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At least in Paris, there are a number of firms that will prepare your US return and your French declaration. You can find adverts at AngloInfo. This costs around €1000 a year.
Hi,
If you are confident with preparing your US tax declaration, 1000€ is an exorbitant amount to pay for the average french declaration, for which you can get free advice here.
 

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Hi,
If you are confident with preparing your US tax declaration, 1000€ is an exorbitant amount to pay for the average french declaration, for which you can get free advice here.
That may be true, but that is not what I said €1000 might cover. I said it would cover, approximately, both US & French paperwork. And this is only approximate as it depends on how complicated your financial life is. In my experience, somewhat less than this covers my situation, which I would call somewhere above average in complication.

Moreover, if there is a significant amount of money at stake, paying for an experienced, independent view on how to handle your French tax liability, rather than relying on a fonctionnaire, could be money well spent.
 

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I have to say that 1000€ strikes me as pretty expensive for tax preparation, too. There are lists of tax accountants and tax attorneys on the US Consulate in Paris website - all allegedly bi-lingual and well versed in both US and French taxation. They aren't endorsed by the consulate, but they appear to have rather thriving practices among the expat population.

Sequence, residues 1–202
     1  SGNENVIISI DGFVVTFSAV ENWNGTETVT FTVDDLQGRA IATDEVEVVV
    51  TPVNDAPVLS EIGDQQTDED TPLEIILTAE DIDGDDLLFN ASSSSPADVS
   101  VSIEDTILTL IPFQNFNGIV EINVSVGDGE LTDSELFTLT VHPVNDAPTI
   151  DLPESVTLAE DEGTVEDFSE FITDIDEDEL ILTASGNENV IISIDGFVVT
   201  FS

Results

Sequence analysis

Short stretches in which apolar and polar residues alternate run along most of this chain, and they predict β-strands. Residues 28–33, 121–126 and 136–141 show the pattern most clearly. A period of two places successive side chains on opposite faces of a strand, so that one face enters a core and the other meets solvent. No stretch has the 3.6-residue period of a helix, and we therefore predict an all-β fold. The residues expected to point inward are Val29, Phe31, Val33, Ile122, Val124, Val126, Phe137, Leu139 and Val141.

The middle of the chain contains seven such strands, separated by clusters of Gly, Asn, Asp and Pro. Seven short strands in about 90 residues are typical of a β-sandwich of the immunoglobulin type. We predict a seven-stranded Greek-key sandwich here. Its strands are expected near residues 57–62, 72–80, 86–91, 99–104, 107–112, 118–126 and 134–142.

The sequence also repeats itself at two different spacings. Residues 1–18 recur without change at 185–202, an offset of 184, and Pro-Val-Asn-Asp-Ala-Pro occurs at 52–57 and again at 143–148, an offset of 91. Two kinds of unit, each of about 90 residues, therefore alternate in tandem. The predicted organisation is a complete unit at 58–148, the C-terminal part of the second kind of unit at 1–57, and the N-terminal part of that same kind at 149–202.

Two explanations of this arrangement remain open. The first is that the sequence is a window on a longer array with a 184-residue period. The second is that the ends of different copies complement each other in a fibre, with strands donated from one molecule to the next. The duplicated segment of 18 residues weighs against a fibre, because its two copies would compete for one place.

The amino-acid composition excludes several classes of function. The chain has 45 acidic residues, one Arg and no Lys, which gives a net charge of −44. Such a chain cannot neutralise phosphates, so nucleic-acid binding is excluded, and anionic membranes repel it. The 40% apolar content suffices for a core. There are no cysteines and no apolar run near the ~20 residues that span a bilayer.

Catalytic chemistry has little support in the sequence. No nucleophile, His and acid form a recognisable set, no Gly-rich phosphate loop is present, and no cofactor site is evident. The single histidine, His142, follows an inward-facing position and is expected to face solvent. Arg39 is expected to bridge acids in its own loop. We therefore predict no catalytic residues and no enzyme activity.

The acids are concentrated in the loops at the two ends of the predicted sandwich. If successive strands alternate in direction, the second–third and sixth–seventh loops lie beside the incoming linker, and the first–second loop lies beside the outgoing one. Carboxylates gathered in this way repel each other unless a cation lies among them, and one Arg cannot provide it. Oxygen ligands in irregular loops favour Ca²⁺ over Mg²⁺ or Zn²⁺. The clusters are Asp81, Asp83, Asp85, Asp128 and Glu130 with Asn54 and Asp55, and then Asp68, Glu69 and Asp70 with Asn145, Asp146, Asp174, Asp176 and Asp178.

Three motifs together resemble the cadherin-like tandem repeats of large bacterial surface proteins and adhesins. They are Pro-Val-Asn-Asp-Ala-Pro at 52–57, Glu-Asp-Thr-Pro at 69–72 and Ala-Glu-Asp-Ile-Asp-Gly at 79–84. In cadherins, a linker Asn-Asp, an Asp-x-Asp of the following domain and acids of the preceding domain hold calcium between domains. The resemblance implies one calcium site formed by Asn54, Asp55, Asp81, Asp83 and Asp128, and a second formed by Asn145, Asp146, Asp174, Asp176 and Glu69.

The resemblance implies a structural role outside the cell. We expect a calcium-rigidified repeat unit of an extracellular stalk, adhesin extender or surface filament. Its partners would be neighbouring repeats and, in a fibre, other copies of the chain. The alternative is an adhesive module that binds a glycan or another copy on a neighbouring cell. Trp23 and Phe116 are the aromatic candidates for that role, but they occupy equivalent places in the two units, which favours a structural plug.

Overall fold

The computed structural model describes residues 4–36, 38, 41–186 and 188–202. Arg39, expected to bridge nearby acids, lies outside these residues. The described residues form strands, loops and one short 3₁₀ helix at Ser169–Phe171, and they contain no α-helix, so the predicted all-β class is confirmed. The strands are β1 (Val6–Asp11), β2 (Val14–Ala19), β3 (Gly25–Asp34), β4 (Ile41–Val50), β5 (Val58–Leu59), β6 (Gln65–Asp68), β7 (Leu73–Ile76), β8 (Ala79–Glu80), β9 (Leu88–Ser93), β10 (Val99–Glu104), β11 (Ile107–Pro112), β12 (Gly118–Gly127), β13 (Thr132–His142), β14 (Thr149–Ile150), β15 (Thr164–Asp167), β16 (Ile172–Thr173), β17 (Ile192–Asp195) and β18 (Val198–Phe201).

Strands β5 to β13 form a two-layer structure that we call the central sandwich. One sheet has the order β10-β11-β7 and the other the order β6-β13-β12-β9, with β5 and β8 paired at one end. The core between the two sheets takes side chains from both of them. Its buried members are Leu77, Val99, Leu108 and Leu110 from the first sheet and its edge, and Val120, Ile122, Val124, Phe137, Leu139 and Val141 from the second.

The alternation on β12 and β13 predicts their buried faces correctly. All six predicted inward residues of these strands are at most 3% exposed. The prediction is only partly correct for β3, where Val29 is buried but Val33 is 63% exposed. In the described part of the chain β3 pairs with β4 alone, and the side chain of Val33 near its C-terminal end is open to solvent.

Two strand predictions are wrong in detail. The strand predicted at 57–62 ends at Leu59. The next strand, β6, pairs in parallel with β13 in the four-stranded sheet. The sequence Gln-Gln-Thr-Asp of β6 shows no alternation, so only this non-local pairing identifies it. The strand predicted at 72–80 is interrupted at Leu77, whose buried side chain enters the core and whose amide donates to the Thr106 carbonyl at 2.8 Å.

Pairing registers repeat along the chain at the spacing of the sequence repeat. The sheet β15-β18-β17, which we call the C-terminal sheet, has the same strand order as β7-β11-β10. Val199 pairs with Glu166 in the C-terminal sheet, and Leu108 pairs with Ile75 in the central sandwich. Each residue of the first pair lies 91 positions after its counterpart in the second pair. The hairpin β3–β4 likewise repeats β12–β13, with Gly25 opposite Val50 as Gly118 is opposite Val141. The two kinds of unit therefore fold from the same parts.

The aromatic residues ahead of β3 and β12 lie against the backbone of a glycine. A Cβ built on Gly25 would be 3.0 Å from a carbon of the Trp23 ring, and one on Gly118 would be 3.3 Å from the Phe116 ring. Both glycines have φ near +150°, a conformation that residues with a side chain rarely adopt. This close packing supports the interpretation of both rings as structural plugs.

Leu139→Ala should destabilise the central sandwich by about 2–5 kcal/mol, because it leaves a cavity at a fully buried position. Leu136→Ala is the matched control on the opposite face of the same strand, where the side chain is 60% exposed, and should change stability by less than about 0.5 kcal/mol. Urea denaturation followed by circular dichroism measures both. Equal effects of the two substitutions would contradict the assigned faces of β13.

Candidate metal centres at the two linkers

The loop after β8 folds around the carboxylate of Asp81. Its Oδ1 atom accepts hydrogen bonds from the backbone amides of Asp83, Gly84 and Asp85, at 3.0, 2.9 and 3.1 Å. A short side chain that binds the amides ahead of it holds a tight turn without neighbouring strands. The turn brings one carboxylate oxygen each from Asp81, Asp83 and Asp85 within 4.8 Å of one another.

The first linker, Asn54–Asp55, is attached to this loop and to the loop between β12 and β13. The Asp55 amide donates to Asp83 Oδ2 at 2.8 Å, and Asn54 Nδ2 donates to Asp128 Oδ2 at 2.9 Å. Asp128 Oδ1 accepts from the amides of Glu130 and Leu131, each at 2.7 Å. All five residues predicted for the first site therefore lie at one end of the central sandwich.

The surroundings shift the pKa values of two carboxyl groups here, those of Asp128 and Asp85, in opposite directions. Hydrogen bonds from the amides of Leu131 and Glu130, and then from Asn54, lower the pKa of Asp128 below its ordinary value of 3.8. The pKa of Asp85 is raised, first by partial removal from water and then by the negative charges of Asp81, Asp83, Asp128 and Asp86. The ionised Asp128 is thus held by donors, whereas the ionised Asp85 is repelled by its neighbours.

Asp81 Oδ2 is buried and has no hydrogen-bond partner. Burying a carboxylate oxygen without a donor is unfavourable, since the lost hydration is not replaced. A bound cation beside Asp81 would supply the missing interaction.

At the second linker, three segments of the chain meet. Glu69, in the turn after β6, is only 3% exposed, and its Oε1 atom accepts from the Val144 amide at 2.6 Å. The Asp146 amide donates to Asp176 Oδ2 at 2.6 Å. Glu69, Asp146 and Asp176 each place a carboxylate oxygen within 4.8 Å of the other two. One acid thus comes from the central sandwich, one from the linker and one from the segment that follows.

Cheers,
Bev
 

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Moreover, if there is a significant amount of money at stake, paying for an experienced, independent view on how to handle your French tax liability, rather than relying on a fonctionnaire, could be money well spent.
I'm not sure I agree with that. I would rather go to the horse's mouth - for free - than pay for "non-official" advice.

What liability to those paid financial advisers take on board?

hils
 

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One big factor to take into consideration is that for US taxes, the returns are basically a form of "self-assessment" - in that you fill in all the numbers, do the calculations and then work out for yourself how much tax you think you owe. There are also lots of options for how to treat various types of income, possible deductions and allowances, etc. etc.

French forms are considerably more straightforward - you put the numbers in the correct boxes, do little or no actual math and a few months later the local tax inspector tells you how much you owe. If you disagree with his findings, you can go have a nice talk with them to see if you can get an adjustment. (My husband has done this when a huge error was discovered on the bank's prepared interest statement.)

The key thing with the French forms is getting the right numbers in the right boxes.
Cheers,
Bev
 

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Discussion Starter · #11 ·
I have been preparing my US return for about 20 yrs now so really more concerned with the French one Thanks